Let me apologize up front for the length of this post. This past week was important and a bit complicated, and if you’ll read it to the end, you will have a much better understanding of our efforts. It is a bit in the weeds, but facts matter.
My wife and I were adults the day Roe v. Wade was decided. Connie picketed Planned Parenthood and sidewalk counseled women at 47th & Troost (the Planned Parenthood facility in Kansas City) with my support for years. We were involved with the Light House founding in Kansas City, as well as Mothers Refuge in Independence. I have always done everything in my power to advance the cause of life, both as a citizen and as an elected official.
Now, the FRA, which stands for federal reimbursement allowance, is a “tax” health care providers willingly pay into an account that then is matched by the federal government at a higher rate. In total, these funds amount to more than $4 billion, which is about 40% of our Medicaid funding. Without it, our Medicaid program could not be sustained.
Our Medicaid system primarily covers:
Pregnant women and neonatal care up to 185% of federal poverty level.
Seniors in nursing homes who have exhausted their personal savings and now rely on Medicaid funding.
Individuals with developmental disabilities as in home care or day hab, which allows families to get kids and adults with disabilities the therapies and services they need to have a shot at a better life.
Children Health Insurance Program (CHIPs), which provides premiums based on family income.
Every part of Medicaid must comply with federal rules from the Centers for Medicaid and Medicare Services (CMS), and this is where the issue comes in. Myself and many members of my caucus support placing in the FRA a prohibition stating that “no funds shall be expended to any abortion facility as defined in section 188.015 or any affiliate or associate thereof.”
As I said, I as well as other members of my caucus supported that change. However, I believe the language puts us out of compliance with CMS because there is a rule that states any willing provider that qualifies under federal law must be allowed to participate. Being out of compliance doesn’t mean we won’t prevail with the new rule, but it will need to go through a difficult process. With our current federal administration, I’m concerned there’s a reasonable chance we will be found out of compliance. I fear the administration is looking for a state to make an example of, and while I’d be happy to risk the health insurance of senators, I won’t gamble with insurance for our most vulnerable citizens.
Being found out of compliance opens us up to enormous possible Medicaid penalties and clawbacks. For this reason, during debate, we also proposed adding language to the FRA bill which said that defunding Planned Parenthood would happen “at the time of either approval by the Centers of Medicaid and Medicare Services (CMS) or an administrative or judicial action requiring CMS approval.” That Medicaid protection language means our funding would be secure while the process works its way through.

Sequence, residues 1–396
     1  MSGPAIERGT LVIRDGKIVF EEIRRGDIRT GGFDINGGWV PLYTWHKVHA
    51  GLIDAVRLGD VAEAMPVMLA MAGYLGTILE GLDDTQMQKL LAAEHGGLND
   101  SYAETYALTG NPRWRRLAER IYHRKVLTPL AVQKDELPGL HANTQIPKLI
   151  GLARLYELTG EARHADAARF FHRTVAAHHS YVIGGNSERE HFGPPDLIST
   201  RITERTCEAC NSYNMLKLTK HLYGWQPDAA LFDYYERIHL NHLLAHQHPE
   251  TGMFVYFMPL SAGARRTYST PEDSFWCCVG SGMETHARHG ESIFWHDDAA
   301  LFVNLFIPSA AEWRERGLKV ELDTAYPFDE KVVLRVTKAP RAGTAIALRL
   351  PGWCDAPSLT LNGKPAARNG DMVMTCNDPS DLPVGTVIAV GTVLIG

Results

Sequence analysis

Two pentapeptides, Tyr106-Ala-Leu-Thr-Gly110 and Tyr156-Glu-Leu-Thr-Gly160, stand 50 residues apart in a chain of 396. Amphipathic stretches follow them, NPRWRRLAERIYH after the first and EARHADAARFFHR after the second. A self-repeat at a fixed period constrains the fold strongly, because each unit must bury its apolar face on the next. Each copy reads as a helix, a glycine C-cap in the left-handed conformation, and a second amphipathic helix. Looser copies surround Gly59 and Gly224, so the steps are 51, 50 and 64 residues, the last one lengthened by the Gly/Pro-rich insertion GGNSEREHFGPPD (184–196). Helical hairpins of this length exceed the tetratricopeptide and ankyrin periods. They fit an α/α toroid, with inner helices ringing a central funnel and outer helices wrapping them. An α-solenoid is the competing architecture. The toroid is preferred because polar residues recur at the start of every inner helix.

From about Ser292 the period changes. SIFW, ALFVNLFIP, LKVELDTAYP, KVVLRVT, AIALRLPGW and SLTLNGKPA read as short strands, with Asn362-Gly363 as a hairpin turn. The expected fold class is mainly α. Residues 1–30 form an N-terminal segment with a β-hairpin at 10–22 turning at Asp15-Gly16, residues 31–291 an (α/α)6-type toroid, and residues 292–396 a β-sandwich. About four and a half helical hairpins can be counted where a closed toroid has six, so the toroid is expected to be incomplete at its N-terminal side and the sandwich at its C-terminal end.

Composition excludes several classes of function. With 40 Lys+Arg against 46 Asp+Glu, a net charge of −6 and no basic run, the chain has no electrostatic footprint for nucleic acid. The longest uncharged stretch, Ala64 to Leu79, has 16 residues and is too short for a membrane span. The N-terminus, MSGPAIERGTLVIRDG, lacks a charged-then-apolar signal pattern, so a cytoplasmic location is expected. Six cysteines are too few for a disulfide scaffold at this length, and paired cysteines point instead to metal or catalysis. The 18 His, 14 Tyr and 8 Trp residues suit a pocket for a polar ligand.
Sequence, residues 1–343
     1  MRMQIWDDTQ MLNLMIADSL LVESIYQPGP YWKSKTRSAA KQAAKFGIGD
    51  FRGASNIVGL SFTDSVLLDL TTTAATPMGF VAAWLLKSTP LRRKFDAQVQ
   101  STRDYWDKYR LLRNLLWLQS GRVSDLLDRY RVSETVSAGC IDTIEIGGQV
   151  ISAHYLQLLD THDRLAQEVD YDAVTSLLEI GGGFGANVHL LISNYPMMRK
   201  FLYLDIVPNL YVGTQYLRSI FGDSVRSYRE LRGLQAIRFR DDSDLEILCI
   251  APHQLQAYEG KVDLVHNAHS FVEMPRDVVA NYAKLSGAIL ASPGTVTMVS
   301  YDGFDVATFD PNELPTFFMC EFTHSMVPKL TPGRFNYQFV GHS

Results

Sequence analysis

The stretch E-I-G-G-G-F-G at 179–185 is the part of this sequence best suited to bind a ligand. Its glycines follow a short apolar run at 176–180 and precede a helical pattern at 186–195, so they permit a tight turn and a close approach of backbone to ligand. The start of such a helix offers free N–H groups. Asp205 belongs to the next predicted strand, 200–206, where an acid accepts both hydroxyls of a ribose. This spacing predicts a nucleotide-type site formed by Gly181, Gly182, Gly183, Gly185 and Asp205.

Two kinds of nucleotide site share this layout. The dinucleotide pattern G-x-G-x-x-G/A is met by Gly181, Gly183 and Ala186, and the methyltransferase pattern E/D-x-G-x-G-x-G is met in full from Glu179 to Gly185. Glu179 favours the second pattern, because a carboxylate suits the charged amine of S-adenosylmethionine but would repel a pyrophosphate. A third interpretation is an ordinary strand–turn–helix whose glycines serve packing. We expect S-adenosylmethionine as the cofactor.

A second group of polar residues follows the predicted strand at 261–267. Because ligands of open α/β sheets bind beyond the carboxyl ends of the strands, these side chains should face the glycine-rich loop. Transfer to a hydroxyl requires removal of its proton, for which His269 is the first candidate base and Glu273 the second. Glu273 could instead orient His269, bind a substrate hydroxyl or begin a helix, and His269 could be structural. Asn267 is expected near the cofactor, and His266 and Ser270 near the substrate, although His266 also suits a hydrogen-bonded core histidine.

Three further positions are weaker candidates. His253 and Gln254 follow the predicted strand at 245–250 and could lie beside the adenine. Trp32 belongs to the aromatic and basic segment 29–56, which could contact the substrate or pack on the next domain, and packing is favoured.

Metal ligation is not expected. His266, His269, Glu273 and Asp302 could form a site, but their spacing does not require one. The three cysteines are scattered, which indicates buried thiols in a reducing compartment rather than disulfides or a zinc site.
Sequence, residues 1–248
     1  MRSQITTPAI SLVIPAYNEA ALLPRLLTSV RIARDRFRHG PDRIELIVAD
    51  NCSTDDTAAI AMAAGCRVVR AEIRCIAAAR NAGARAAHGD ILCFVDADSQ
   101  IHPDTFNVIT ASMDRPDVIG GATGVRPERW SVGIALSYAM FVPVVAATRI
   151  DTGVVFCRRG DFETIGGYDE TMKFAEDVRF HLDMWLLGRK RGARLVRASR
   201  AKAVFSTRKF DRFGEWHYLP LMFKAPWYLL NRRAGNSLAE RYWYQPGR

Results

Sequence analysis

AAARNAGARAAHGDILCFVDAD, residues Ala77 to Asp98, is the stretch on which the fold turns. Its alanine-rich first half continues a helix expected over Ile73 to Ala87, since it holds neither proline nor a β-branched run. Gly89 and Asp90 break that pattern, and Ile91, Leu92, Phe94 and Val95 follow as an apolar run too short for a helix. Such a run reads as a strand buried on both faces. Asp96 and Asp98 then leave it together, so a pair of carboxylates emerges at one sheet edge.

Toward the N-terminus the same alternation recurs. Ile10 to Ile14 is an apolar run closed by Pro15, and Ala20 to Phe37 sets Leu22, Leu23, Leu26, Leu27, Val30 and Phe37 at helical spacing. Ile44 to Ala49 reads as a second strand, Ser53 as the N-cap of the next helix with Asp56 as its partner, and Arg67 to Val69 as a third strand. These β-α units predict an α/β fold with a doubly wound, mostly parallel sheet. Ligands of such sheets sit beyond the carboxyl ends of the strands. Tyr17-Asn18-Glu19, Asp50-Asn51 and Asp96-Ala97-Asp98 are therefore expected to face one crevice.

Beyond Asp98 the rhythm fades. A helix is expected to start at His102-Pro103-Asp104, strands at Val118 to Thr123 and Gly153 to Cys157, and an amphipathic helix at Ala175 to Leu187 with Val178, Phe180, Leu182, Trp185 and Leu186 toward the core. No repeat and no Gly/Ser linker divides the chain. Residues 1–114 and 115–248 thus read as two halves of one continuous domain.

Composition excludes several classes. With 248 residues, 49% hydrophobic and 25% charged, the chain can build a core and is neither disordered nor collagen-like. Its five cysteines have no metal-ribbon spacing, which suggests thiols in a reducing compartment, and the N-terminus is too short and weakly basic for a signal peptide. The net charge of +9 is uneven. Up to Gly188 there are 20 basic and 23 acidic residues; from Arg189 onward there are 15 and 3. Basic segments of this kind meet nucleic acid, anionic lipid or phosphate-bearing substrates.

That is the exact language, amazingly, that some sought to strip from the bill for what they called “support” for Planned Parenthood – it’s not. It’s language that doesn’t threaten funding for neonatal care for pregnant moms on Medicaid; funding for seniors, many suffering from dementia, Alzheimer’s or other horrible terminal diseases; funding for families with developmental disabilities who just need a little help. I don’t understand how someone could consider this to be anti-life language – it’s insane. Instead of questioning the sincerity and pro-life credentials of senators who voted to keep the Medicaid protective language in the bill, I’d suggest questioning the judgment of outside groups willing to jeopardize funding for vital Medicaid services.
While the effort to remove the Medicaid protection language from the bill was defeated, the provision along with the defunding language were ultimately not included in the version of the bill approved by the Senate. That said, we were able to prohibit Medicaid paid family planning services from covering “any abortifacient drug or device” used for an abortion. I believe this is an important step forward in protecting life in Missouri.
Quickly, let me touch on a couple of other facts. Twenty-five years ago, Missouri averaged 20,000 surgical abortions. There have been zero this year. Zero. If you are pro-life, this is a huge win and shows the dedication of the Legislature on this issue.
Let me close by summarizing this past week. No member of the Majority Caucus voted against defunding Planned Parenthood. If anyone says otherwise, they are being dishonest. After we saved the Medicaid protective language, the votes were not there to include the defund language with the protective language (I would have voted yes) in the final version of the Senate’s bill. The governor and the Legislature are working on this issue via the rule making process, as Arkansas and Texas have done. It will actually be quicker, but that wasn’t good enough for some looking for a short-term win.
Missouri is just as pro-life today as it was yesterday. In fact, we have advanced the cause of life. I pray we remain that way until this issue is resolved.
I am honored to serve the citizens of the 8th Senatorial District. If there is anything I can do to serve you, please feel free to contact my office in Jefferson City at (573) 751-1464. For information about my committee assignments or sponsored legislation for the 2021 session, please visit my official Missouri Senate website at senate.mo.gov/Cierpiot.